When you think of a Highland Park Colonial Revival home, the words that come to mind might be traditional, stately, classic, and gracious. The Colonial Revival has been and continues to be the most popular style in America. You’ll see it reimagined and reinvented by some of the best architects and builders in the country because it’s the very essence of home.
This historic home now on the market, at 3621 Cornell Ave., ticks all the boxes for anyone looking for a family home in a great neighborhood — a family that appreciates history and wants to put down deep roots. There's even a colorful surprise upstairs.
"The architecture of Henry Bowers (Hal) Thomson has come to represent one of the most important periods in Dallas’ history — referred to by many as its golden era. During the early 1900s, Dallas was experiencing an economic boom from oil, gas, and cotton. As the city’s elite became even wealthier, Dallasites — like many Americans — were interested in replicating the great houses of Europe here at home. Thomson, a classically trained architect who had studied abroad, became the architect of choice among the prominent citizens of Dallas."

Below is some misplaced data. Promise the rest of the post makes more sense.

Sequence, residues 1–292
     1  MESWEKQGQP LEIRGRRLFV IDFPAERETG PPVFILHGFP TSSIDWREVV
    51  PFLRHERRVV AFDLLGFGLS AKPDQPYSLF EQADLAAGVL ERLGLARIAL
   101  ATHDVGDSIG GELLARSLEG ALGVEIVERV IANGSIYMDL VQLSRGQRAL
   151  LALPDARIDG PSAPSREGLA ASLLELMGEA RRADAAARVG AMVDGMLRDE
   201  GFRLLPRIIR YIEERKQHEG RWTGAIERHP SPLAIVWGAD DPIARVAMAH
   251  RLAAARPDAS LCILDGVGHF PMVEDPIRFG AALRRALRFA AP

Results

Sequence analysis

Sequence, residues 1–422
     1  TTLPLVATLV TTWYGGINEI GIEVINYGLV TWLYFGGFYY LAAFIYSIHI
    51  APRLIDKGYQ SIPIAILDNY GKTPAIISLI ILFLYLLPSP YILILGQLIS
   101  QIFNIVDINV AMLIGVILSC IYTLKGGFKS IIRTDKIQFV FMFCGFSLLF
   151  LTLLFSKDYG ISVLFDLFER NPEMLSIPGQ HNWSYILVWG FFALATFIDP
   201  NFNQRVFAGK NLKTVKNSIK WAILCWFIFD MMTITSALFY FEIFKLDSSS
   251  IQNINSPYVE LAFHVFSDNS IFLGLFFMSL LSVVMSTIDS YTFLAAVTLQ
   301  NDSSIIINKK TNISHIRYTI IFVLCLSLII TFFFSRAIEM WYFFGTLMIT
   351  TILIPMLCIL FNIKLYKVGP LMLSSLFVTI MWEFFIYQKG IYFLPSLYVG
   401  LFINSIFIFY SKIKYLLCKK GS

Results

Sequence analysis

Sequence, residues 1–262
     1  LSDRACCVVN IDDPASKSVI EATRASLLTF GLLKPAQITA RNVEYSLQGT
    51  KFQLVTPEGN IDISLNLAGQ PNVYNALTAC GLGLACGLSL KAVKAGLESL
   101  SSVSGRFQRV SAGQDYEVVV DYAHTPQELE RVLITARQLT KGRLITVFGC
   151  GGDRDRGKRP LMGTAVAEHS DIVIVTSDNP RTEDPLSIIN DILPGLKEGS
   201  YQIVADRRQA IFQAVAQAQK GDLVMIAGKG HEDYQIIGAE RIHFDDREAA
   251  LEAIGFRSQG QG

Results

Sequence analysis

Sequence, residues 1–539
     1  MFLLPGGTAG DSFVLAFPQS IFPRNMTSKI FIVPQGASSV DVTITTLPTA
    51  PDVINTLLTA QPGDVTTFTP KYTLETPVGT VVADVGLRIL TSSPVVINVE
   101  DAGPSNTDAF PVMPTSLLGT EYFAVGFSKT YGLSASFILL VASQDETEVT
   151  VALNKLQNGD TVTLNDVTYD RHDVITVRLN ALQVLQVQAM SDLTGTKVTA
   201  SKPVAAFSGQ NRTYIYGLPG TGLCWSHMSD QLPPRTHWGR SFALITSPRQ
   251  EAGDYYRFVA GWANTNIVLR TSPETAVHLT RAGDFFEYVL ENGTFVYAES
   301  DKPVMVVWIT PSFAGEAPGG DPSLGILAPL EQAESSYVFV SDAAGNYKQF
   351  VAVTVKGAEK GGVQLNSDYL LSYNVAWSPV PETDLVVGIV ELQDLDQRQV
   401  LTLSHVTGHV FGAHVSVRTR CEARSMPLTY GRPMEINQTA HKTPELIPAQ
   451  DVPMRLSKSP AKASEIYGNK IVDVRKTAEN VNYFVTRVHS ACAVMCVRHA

The Highland Park Colonial Revival was built in 1916 for Bishop H.T. Moore, the Episcopalian Bishop in Dallas from 1924-1945. He was the 2nd bishop of the Episcopal Diocese of Dallas. The original bill of sale shows he bought it for $11,176.89. That was a lot of money in 1916. The bishop was known to marry couples in the living room of his home before young men headed off to the war.
Of course, the 5,707-square-foot home has been renovated and updated over the years, while retaining a lot of original features. The 200-year-old pine floors, for instance, were installed over 100 years ago. After the remodel, the client submitted an application to recognize this property as an architecturally significant home, and the designation was granted by the Park Cities Historic and Preservation Society.
This home has four bedrooms, five bathrooms, and a powder bath.
“The current master was originally a sleeping porch,” Dave Perry-Miller listing agent Julie Boren said. “Originally it appears there were two masters that connected between the closet. Now there are two closets.”
But the best part is the charming surprise that awaits at the top of the house.
In 2006, the owners hired noted artist Gillian Bradshaw-Smith to create a mural inspired by a 1957 Lionel Train catalog. Bradshaw-Smith has done some stunning work in homes across America, and this creation is no exception. You enter a whole new world on the third floor, and if trains are not your thing, the space easily could transform into a media room.
Boren said her favorite thing about this historic mansion is not a room or a design feature.
“It’s how you feel when you enter the home,” she said. “You feel the stature and history, but at the same time, you have a very modern home with high ceilings, walls of windows, and French doors that offer amazing light.”
The home is listed for $3.975 million.
A version of this story originally was published on Candy's Dirt.